After his return from France, Marshall wanted to resume his private practice of law, but in September 1798 former President Washington convinced him to challenge incumbent Democratic-Republican Congressman John Clopton of Virginia's 13th congressional district. Although the Richmond area district favored the Democratic-Republican Party, Marshall won the race, in part due to his conduct during the XYZ Affair and in part due to the support of Patrick Henry. During the campaign, Marshall declined appointment as an associate justice of the Supreme Court, and President Adams instead appointed Marshall's friend, Bushrod Washington. After winning the election, Marshall was sworn into office when the 6th Congress convened in December 1799. He quickly emerged as a leader of the moderate faction of Federalists in Congress. His most notable speech in Congress was related to the case of Thomas Nash (alias Jonathan Robbins), whom the government had extradited to Great Britain on charges of murder. Marshall defended the government's actions, arguing that nothing in the Constitution prevents the United States from extraditing one of its citizens. His speech helped defeat a motion to censure President Adams for the extradition.
In May 1800, President Adams nominated Marshall as Secretary of War, but the president quickly withdrew that nomination and instead nominated Marshall as Secretary of State. Marshall was confirmed by the Senate on May 13 and took office on June 6, 1800. Marshall's appointment as Secretary of State was preceded by a split between Adams and Hamilton, the latter of whom led a faction of Federalists who favored declaring war on France. Adams fired Secretary of State Timothy Pickering, a Hamilton supporter, after Pickering tried to undermine peace negotiations with France. Adams directed Marshall to bring an end to the Quasi-War and settle ongoing disputes with Britain, Spain, and the Barbary States. The position of Secretary of State also held a wide array of domestic responsibilities, including the deliverance of commissions of federal appointments and supervision of the construction of Washington, D.C. In October 1800, the United States and France agreed to the Convention of 1800, which ended the Quasi-War and reestablished commercial relations with France.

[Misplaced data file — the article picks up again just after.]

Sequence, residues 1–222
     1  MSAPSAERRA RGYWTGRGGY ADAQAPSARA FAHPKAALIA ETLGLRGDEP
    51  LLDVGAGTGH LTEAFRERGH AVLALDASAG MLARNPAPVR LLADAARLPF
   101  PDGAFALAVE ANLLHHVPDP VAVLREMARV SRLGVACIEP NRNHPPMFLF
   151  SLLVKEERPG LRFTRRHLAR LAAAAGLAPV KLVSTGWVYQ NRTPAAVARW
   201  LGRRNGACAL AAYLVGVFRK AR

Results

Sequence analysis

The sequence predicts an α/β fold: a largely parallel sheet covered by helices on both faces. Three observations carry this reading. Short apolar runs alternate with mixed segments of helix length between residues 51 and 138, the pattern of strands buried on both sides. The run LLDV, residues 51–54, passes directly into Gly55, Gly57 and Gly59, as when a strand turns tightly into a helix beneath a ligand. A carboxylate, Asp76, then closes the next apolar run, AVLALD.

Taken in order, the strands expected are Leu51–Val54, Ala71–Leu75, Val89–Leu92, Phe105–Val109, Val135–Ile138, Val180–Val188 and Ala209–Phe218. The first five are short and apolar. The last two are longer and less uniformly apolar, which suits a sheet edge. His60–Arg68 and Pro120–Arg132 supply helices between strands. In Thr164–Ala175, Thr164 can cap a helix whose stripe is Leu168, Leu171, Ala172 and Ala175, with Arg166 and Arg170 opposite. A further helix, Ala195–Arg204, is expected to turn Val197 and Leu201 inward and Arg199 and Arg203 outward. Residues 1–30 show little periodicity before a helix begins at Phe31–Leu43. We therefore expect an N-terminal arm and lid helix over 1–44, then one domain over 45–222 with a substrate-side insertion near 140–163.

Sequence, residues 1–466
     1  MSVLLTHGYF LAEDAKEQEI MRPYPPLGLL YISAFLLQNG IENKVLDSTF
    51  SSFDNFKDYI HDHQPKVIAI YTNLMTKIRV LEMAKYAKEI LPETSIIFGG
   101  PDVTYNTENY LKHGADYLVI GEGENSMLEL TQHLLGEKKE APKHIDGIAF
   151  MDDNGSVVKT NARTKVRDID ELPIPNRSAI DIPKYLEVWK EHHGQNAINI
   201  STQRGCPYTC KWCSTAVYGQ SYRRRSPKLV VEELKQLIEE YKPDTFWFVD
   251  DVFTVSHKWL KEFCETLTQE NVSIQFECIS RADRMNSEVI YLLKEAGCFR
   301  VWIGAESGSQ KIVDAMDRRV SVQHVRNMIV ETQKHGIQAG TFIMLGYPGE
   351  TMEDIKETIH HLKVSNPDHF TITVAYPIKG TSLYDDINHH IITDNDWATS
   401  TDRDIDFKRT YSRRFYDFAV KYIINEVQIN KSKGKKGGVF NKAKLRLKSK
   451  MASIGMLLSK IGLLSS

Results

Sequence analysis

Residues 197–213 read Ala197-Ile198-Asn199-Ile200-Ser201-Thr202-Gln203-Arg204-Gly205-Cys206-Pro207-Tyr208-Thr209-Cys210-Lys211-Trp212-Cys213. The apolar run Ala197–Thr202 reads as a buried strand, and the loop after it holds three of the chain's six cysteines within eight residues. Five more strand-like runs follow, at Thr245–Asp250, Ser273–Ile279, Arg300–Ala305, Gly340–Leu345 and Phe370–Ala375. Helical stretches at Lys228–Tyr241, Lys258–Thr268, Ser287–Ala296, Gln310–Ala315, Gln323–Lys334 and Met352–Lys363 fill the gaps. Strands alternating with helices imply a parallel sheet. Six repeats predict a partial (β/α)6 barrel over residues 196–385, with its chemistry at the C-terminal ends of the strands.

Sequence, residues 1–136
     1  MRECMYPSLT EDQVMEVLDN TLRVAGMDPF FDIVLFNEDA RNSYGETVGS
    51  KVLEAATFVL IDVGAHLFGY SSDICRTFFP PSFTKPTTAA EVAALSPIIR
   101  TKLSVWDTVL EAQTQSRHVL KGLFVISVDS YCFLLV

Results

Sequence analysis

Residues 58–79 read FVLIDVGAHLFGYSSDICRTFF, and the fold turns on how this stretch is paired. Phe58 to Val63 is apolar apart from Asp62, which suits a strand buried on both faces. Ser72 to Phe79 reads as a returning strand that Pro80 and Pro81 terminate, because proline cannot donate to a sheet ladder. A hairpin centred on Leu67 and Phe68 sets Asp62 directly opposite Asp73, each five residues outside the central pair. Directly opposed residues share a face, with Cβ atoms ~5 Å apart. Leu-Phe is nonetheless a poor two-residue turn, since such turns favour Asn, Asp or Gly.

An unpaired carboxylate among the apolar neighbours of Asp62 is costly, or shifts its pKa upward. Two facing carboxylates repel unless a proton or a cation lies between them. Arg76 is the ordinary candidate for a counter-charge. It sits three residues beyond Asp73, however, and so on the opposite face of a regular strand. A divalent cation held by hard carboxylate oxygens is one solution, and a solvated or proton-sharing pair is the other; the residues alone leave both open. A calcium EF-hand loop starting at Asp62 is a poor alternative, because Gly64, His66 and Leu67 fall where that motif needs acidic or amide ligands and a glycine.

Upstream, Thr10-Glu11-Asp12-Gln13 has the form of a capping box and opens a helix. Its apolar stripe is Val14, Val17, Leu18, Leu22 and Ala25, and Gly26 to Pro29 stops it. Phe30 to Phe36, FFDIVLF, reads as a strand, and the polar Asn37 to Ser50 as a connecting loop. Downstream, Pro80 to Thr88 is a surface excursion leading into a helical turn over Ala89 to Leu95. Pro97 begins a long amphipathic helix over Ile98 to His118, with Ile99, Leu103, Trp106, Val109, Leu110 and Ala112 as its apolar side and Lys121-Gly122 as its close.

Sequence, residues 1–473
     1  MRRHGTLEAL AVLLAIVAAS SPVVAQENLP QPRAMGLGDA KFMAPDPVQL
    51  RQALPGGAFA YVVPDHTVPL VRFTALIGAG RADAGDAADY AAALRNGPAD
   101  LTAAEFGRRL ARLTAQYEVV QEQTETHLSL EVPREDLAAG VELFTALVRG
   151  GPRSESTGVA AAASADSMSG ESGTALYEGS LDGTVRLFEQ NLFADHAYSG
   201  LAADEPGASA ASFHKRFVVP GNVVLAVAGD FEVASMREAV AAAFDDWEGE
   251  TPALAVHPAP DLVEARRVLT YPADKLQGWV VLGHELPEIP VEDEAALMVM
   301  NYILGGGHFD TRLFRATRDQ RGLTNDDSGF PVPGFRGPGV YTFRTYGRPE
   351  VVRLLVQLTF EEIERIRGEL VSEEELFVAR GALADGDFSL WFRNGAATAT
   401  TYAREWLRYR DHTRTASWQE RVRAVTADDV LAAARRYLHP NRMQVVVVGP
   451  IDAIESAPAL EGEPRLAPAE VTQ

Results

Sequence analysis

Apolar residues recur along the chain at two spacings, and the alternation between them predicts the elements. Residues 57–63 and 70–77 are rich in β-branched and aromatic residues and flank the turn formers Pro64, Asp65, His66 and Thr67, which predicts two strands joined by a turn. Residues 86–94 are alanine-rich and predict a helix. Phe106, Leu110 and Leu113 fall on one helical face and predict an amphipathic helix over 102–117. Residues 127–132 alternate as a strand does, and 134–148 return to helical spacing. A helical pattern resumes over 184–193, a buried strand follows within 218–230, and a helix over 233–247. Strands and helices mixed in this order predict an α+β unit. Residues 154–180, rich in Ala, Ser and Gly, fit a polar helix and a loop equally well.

Nomination as Chief JusticeEdit
With the Federalists divided between Hamilton and Adams, the Democratic-Republicans emerged victorious in the presidential election of 1800. However, Thomas Jefferson and Aaron Burr both received 73 electoral votes, throwing the election to the Federalist-controlled House of Representatives.[b] Hamilton asked Marshall to support Jefferson, but Marshall declined to support either candidate.
In the contingent election held to decide whether Jefferson or Burr would become president, each state delegation had a single vote. Under this rule, it turned out that neither party had a majority because some states had split delegations. Over the course of seven days, February 11–17, 1801, the House cast a total of 35 ballots, with Jefferson receiving the votes of eight state delegations each time, one short of the necessary majority of nine. On February 17, on the 36th ballot, Jefferson was elected as president. Burr became vice president. Had the deadlock lasted a couple weeks longer (through March 4 or beyond), Marshall, as Secretary of State, would have become acting president until a choice was made.
After the election, Adams and the lame duck Congress passed what came to be known as the Midnight Judges Act. This legislation made sweeping changes to the federal judiciary, including a reduction in Supreme Court justices from six to five (upon the next vacancy in the court) so as to deny Jefferson an appointment until two vacancies occurred.
In late 1800, Chief Justice Oliver Ellsworth resigned due to poor health. Adams nominated former Chief Justice John Jay to once again lead the Supreme Court, but Jay rejected the appointment, partly due to his frustration at the relative lack of power possessed by the judicial branch of the federal government. Jay's letter of rejection arrived on January 20, 1801, less than two months before Jefferson would take office. Upon learning of Jay's rejection, Marshall suggested that Adams elevate Associate Justice William Paterson to chief justice, but Adams rejected the suggestion, instead saying to Marshall, "I believe I must nominate you."